While the media, led by the New York Times and Washington Post, once again have mistakenly sought to characterize the Senate farm bill debate as simply a question of who should get and who didn't deserve expensive farm subsidies, corporate agribusiness and its White House minions were busy exploiting -- for their own selfish gain -- the regionalism and commodityism that has historically become such a destructive force in American agriculture.
Clearly the current debate over domestic farm policy needs a proper focus and that focus should be on the perpetrators who are profiting the most from the self-serving policies -- such as the infamous "Freedom to Farm Act" -- of the past, namely corporate agribusiness and specifically the ADMs, Cargills, ConAgras, Tysons, IBPs, Smithfields, Krafts and their ilk. It is time to realize that the buck doesn't stop at the congressperson or the senator's desk, but rather in corporate boardrooms all over America.
The famous abolitionist Frederick Douglass reminds us "find out just what people will submit to and you have found out the exact amount of injustice and wrong that can be imposed on them." Indeed it is time that family farm agriculture put aside their petty differences like regionalism and commodityism, reject representation by so-called farm organizations that disregard their best interests, and demand that the US Department of Agriculture be refocused to once against work on behalf of agriculture and not simply act as an adjunct to the US Department of Commerce.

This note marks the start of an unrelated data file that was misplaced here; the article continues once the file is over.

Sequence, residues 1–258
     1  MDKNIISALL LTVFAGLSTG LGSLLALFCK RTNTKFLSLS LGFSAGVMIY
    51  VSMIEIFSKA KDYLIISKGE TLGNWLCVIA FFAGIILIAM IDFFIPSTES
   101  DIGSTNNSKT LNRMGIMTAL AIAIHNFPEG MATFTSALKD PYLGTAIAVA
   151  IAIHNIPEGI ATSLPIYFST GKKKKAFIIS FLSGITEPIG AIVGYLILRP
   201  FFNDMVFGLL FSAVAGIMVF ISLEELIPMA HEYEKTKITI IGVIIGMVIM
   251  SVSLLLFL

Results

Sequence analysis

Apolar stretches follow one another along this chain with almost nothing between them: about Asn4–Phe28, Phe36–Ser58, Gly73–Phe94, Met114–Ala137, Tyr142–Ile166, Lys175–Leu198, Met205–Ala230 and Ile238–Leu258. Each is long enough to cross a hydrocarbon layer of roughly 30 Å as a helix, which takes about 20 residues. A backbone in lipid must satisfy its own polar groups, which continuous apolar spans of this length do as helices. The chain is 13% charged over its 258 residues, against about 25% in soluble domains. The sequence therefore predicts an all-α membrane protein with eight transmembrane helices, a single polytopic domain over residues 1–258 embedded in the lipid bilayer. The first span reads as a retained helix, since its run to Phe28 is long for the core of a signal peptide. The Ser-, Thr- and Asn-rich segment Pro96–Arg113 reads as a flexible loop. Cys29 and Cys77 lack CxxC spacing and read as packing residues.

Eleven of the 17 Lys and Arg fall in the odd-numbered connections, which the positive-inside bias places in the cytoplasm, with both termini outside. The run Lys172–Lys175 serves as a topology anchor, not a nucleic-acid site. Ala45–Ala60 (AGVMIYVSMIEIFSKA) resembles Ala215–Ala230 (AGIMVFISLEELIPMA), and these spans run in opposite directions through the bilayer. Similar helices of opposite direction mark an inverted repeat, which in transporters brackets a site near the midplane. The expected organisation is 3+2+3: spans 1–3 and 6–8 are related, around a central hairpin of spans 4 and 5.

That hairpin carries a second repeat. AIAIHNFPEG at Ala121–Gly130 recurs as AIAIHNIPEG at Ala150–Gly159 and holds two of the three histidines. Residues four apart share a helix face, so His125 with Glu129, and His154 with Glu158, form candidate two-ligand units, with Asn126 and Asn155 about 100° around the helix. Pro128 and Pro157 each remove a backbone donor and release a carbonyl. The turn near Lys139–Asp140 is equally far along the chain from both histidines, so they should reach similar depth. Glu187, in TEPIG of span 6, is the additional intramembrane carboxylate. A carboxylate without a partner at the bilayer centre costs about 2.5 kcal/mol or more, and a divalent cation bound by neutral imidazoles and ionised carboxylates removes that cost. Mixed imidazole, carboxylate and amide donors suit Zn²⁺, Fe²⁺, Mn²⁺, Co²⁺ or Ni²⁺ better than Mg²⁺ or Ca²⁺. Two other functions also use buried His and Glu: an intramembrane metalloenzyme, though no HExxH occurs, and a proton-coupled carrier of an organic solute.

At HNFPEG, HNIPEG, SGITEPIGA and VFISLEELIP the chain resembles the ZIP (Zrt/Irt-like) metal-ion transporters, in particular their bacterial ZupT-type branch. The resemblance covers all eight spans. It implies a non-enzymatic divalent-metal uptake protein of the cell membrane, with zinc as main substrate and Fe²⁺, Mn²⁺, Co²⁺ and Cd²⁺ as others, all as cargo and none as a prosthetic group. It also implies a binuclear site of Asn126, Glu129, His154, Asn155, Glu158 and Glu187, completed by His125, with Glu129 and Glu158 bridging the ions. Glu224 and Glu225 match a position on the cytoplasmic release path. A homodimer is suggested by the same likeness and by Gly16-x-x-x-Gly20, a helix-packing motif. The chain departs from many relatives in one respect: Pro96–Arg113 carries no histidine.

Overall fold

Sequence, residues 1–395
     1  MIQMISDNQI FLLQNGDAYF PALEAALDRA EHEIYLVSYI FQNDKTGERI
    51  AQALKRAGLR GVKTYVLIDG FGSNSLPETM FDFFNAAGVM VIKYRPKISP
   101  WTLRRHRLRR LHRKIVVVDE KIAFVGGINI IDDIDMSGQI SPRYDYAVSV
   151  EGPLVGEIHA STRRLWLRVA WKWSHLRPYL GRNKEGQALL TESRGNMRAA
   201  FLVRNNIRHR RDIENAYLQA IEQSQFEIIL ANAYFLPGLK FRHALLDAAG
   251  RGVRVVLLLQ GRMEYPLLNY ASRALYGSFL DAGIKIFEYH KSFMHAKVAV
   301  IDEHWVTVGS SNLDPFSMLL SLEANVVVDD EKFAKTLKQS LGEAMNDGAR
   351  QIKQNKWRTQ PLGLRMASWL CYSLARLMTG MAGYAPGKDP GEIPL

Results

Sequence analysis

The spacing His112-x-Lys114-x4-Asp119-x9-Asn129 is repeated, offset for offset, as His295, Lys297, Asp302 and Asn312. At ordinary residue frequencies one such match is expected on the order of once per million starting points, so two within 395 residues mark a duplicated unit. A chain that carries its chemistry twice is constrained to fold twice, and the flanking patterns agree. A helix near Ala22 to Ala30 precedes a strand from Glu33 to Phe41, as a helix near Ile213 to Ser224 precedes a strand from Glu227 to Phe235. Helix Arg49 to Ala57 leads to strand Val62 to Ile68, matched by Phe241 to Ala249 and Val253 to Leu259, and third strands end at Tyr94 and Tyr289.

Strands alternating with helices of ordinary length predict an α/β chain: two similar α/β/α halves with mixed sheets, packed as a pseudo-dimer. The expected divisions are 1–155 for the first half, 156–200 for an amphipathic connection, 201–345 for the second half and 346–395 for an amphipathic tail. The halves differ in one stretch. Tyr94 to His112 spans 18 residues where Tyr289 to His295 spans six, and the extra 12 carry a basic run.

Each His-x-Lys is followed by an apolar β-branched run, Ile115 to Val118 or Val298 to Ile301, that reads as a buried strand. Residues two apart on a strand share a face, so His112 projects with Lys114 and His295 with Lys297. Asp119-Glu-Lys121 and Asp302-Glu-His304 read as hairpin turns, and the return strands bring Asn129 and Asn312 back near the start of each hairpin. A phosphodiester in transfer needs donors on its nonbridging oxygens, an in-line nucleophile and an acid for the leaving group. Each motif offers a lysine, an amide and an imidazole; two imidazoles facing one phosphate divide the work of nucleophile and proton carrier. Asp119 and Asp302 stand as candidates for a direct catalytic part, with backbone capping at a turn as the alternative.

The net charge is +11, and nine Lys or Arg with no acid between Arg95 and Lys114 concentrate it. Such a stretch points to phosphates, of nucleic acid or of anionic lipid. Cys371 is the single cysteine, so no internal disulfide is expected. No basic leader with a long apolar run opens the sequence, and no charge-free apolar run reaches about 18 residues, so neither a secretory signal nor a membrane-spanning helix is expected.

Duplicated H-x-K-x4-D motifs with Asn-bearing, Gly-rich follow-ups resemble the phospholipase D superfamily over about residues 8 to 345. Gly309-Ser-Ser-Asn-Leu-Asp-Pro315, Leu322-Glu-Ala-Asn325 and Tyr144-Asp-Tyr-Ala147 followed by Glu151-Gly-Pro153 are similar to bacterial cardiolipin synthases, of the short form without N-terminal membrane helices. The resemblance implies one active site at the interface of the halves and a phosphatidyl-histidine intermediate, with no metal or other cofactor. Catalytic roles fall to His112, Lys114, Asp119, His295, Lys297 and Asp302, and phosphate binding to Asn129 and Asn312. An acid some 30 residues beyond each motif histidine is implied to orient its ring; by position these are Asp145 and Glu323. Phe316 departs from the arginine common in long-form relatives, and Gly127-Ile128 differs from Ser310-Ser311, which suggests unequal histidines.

Likewise, family farmers need to reacquaint themselves with their rich agrarian populist history as an economic, social and political force and cast their democratic vote not out of some regional or family tradition, but rather for those men and women who are willing to speak truth to power on their behalf.
At the same time family farm agriculture needs to launch an aggressive grass roots educational campaign aimed at the consumers of their products, showing the consuming public how they are putting their own health and safety and that of their children at serious risk if they continue to keep patronizing corporate agribusiness and that by denying farmers and ranchers a fair price for what they produce they are seriously undermining not only the social and environmental fabric of our nation, but our economic well-being as well.
Amidst the welcoming of a new year it would be well to keep in mind a Douglass admonition: "Those who profess favor freedom, and yet deprecate agitation, are men who want crops without plowing up the ground. They want rain without thunder and lightning. They want the ocean without the awful roar of the waters. This struggle may be both moral and physical, but it must be a struggle ... The limits of tyrants are prescribed by the endurance of those whom they oppress."
A.V. Krebs operate the Corporate Agribusiness Research Project, PO Box 2201, Everett, Washington 98203-0201; email firstname.lastname@example.org; website www.ea1.com/CARP/